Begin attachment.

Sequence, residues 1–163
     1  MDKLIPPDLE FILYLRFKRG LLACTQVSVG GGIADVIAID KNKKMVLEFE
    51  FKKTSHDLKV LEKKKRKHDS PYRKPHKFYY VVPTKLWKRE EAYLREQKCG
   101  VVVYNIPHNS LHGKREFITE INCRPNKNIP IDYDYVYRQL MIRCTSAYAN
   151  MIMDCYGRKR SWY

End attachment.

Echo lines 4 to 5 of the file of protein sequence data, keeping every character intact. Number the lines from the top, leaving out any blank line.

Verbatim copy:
   101  VVVYNIPHNS LHGKREFITE INCRPNKNIP IDYDYVYRQL MIRCTSAYAN
   151  MIMDCYGRKR SWY